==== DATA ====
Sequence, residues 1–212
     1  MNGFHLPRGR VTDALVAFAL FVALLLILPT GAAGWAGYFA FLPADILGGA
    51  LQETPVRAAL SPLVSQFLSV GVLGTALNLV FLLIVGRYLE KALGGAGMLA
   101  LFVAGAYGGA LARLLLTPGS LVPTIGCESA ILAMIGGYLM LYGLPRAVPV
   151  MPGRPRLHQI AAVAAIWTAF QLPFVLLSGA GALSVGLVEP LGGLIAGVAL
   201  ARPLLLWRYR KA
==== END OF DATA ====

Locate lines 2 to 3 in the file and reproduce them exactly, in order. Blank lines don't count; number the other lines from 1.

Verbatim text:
     1  MNGFHLPRGR VTDALVAFAL FVALLLILPT GAAGWAGYFA FLPADILGGA
    51  LQETPVRAAL SPLVSQFLSV GVLGTALNLV FLLIVGRYLE KALGGAGMLA